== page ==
As I said – admittedly quite sarcastically – in other blogs: the only solution to the problem that will work is to do away with mankind altogether. After all, the whole problem started when our ancestors climbed down from their trees millions of years ago.
    Best,
    Pit

    Liked by 1 person

  2. I think for now internal combustion engines is the best option because as you said electric cars are impractical. But from my point of view it’s not safe either because when electric cars (lithium ion battery)catches fire it is very to put off. But improvements are been made and it should be implemented in future.

    Liked by 1 person

  3. The best solution would be to plough money into our bus and train services. I like to walk where I can (and I walk loads), but that could be because I have to drive 150 miles a day just to commute, so I avoid extra time in the car like the plague haha. I hate the commute, its boring, and unproductive, as well as stressful! I would KILL for a decent train service, I would love to cycle to our station and then sit for 2 hours on a train, catching up on work, doing some reading even, which I never have time for these days. But there are no services near me before 7am (and I have to be at my desk before 7!) and the later services have at least 1 change. The cost is far more than my diesel costs (and that’s not a super economical diesel) and I get to sit in my own space, own temperature, own music in my car…And dont even get me started on what I would do, 70+ miles from home, if the train was delayed or cancelled… BUT all that said, if the government spent the money and provided a reliable 24/7 service i would definitely use it! As I am sure many many others would too – and then boom, people aren’t buying electric cars, they wont need too. And if they needed one for some reason, they could always hire one… (a family holiday for example, I know I wouldnt want to juggle two toddlers and a load of suitcases and bikes on a train haha). Personally though even if that happened, I would still keep one of my ICE vehicles, for fun! When Im driving for pleasure and not commuting, on the right roads, driving is a riot! πŸ˜€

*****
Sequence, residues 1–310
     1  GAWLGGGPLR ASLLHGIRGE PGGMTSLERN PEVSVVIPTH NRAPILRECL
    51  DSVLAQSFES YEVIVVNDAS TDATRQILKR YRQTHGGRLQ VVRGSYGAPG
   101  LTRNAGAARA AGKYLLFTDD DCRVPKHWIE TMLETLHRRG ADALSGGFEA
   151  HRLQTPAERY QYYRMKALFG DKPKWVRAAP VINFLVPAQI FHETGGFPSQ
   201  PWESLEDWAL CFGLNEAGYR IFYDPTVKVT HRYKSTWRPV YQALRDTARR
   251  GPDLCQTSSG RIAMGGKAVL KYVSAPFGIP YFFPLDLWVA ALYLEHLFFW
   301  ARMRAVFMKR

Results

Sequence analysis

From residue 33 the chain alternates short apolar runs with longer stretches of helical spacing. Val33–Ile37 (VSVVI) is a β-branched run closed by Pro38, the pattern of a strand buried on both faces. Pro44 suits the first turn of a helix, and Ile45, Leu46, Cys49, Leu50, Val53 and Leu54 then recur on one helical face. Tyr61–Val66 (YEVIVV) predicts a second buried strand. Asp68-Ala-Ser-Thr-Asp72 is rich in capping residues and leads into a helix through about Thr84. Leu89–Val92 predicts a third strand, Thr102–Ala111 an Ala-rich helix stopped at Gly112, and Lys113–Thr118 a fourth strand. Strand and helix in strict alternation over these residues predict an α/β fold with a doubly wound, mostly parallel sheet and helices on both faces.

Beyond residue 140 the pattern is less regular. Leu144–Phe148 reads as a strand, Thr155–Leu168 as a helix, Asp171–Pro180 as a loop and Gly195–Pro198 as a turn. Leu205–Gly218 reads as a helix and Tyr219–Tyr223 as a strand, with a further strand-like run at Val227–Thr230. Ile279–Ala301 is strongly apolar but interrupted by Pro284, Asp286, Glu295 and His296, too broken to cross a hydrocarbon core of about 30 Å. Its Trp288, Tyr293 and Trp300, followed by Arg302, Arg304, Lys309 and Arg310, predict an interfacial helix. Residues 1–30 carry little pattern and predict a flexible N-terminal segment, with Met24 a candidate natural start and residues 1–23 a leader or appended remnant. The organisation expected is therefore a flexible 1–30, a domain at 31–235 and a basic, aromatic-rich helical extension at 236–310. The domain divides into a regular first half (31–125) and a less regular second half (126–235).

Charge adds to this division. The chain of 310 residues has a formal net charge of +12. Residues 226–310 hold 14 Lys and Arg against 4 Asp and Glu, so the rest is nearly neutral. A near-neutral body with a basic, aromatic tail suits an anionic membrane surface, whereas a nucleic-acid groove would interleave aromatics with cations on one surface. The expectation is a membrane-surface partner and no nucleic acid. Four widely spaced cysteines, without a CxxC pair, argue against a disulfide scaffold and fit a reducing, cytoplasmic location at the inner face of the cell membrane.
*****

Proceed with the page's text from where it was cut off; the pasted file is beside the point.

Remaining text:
Liked by 2 people

    1. I know from a previous comment that you enjoy driving. But that 150 miles a day commute is fierce indeed. I drove less than 1,000 miles last year, and that was enough for me. And even if they had a decent train service, getting to and from the station in bad weather (as in almost 9 months of every year) would be a pain for you.
      For some situations, like yours, there is no ‘easy option’.
      Best wishes, Pete.

      Liked by 1 person

      1. Yes, I agree, you just have to make the best you can of some situations. Even an electric car wouldn’t be viable for the commute, even with the longest ranges, we have no charging stations at work, and as soon as I whack the lights and heaters on etc or hit the M6 car park, I would be scuppered. I also think of when we visit family in Scotland – it would involve a break halfway to fully re-charge the car – no one wants to be stuck at services for hours on end with 2 young children surrounded by overpriced food and zero entertainment…
        Getting to the station etc wouldn’t be much fun in bad weather, BUT I do think it would be preferable to sitting on the motorway, if the service was decent enough, I would catch an earlier train and utilise the showering facilities at work and get ready there instead πŸ˜‰ If more people are using trains it would be a nice cycle to the station…and all exercise is welcomed when you’re at a desk all day…
        I envy your annual mileage! πŸ˜€
        Anyway, it will be interesting to see in a few years how our travelling situation in the UK ends up…

        Liked by 1 person

  4. I am so behind in my reading-have not even started the series yet- had never considered or researched electric cars. How disappointing to learn the truth- I am thinking we really have to change our lifestyles- and pretty drastically to make any real difference. That will take a long while . .if ever. Thank you for an informative and interesting post. your fan Michele

    Liked by 2 people